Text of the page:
Let’s Remember All of Kelsey Grammer’s Non-‘Frasier’ Bombs

America doesn’t want to see Grammer play anyone not named ‘Frasier Crane’
Let’s Remember All of Kelsey Grammer’s Non-‘Frasier’ Bombs

The first season of the Boston-set Frasier reboot obviously didn’t feature the late John Mahoney as Martin Crane, and David Hyde Pierce famously declined the opportunity to return as Niles, ultimately leaving little connective tissue between the two shows. And we haven’t even mentioned the fact that Frasier’s son Freddie now has an entirely new face.

At least Season Two will bring back Peri Gilpin’s Roz in a “recurring capacity,” and apparently Bulldog and Gill will make an appearance for some reason. After all, who amongst us wouldn’t travel across the country just to visit an ex-co-worker?

In a lot of ways, Frasier 2.0 feels like just another Kelsey Grammer sitcom, of which there have been many. So let’s take a look back at some of the Grammer-led comedies that probably would have done better had he simply changed the main character’s name to “Frasier Crane,” such as…

Kelsey Grammer Presents: The Sketch Show (2005)

As we’ve mentioned before, just the year after Frasier went off the air, Grammer returned to network TV with Kelsey Grammer Presents: The Sketch Show, a remake of a British series of the same name (minus the “Kelsey Grammer Presents” part). The short-lived show assembled an impressive cast of comic talents including Kaitlin Olson and Paul F. Tompkins. 

Unfortunately, the cast was also forced to appear in a certain number of awkward sketches starring their boss: Kelsey Grammer.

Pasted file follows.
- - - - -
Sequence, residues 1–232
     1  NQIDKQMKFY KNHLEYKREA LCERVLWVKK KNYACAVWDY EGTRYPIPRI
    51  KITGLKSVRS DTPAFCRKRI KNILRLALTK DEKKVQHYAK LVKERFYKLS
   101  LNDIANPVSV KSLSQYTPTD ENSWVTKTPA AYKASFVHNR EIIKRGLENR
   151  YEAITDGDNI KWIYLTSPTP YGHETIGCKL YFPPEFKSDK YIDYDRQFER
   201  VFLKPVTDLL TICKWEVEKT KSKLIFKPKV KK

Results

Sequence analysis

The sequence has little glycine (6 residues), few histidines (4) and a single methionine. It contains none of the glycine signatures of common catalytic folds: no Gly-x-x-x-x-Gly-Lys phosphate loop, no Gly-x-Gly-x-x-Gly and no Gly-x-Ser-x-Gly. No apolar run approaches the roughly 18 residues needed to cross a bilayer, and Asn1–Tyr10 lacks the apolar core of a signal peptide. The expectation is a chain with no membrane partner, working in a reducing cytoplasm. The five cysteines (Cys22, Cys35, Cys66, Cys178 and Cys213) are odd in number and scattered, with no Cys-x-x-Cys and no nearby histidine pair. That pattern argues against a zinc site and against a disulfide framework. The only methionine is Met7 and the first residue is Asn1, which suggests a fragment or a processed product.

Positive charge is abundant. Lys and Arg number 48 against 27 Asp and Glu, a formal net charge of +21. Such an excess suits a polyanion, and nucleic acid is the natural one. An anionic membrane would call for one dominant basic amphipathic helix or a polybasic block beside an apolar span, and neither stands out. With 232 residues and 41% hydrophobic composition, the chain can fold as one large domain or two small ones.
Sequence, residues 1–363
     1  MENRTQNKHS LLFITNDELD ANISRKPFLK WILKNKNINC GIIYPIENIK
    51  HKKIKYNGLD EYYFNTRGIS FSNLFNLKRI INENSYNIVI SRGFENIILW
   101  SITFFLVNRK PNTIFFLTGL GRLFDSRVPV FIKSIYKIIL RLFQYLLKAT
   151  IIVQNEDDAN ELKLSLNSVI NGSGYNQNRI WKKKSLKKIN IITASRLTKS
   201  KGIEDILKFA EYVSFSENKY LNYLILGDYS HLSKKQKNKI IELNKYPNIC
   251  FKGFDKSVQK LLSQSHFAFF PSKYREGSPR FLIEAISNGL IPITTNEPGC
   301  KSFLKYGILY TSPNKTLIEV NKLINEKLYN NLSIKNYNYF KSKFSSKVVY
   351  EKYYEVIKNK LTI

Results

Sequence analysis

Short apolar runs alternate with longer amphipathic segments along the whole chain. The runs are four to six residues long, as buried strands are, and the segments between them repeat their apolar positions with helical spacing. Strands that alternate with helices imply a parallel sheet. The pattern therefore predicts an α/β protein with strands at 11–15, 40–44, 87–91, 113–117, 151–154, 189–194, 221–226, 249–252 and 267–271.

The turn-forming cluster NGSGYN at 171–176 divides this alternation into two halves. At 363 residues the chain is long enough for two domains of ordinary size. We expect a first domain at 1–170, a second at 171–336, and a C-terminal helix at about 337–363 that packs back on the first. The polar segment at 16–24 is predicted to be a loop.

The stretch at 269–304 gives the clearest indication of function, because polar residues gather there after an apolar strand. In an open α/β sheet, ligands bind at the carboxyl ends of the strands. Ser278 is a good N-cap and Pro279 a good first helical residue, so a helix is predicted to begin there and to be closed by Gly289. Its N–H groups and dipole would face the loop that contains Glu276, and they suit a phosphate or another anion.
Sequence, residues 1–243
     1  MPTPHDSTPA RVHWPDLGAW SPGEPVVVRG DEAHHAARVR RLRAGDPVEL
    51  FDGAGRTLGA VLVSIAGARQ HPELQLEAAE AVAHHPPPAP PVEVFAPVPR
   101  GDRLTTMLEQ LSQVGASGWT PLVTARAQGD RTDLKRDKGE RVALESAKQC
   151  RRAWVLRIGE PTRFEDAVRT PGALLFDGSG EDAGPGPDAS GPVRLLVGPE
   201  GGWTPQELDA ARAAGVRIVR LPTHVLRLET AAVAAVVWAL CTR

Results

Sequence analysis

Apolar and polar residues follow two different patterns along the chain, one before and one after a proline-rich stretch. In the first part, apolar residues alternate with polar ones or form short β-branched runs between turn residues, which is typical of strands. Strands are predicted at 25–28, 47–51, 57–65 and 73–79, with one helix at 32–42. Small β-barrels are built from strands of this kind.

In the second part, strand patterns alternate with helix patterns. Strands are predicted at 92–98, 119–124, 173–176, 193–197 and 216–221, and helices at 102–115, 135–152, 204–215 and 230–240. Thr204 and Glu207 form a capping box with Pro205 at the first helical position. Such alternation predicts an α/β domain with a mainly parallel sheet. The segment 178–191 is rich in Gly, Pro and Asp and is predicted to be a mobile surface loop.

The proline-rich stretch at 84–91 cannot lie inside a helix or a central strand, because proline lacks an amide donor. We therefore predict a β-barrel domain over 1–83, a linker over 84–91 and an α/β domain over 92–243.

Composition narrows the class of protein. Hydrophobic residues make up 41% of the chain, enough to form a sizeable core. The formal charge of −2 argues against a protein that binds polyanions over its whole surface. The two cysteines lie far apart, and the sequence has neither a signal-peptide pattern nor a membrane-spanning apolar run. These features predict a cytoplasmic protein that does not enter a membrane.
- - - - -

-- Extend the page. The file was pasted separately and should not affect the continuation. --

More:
At least Grammer didn’t insist on singing the theme song for this one.

Back to You (2007-2008)

The Frasier reboot recently cast Patricia Heaton as a recurring guest star, presumably so Grammer will have someone on the set to talk to about politics (who won’t recoil in horror). But this is a reunion of sorts, too, because they both starred in the show Back to You.

The sitcom once again teamed Grammer with Frasier producers Steven Levitan and Christopher Lloyd (not that one) as well as director James Burrows. The plot concerned a Los Angeles news anchor (improbably named Chuck Darling) who’s forced to return to his old gig at a Pittsburgh station after he’s fired over an “on-air tirade” that went viral. 

Even with a supporting cast that included Fred Willard and Ty Burrell, the show was canceled after just one season, allowing Lloyd and Levitan to pitch some show called Modern Family to ABC

Hank (2009)

Just a year after Back to You folded up shop, Grammar was already back on TV with Hank, a comedy about a wealthy Wall Street executive who loses his job and is forced to move to his home state of Virginia. Wait, are all of these shows about Grammer losing a high-paying job and sacrificing his dignity to start from scratch?

This one’s kind of like Schitt’s Creek if Schitt’s Creek were terrible. Even though 10 episodes were filmed, just five made it onto TV. Hopefully the remaining five were sealed away in a secure warehouse like the Ark of the Covenant. 

Partners (2014)

You’d be forgiven for not remembering Partners, the FX sitcom that starred Grammer and Martin Lawrence as Chicago lawyers. If Grammer and Lawrence seem like a highly unlikely combo, well that’s exactly how they sold the show.

Grammer played a lawyer who is fired from a white shoe legal firm for ethical transgressions and forced to get a job with a local community’s leader’s practice — no! No he did not just do the same premise again! I guess the key difference here is that Grammer’s character isn’t just a humbled elitist; he's also casually racist. 

It, too, didn’t make it past the first season. 

At least Grammer has his Jesus-approved brewery to fall back on.

You (yes, you) should follow JM on Twitter (if it still exists by the time you’re reading this).


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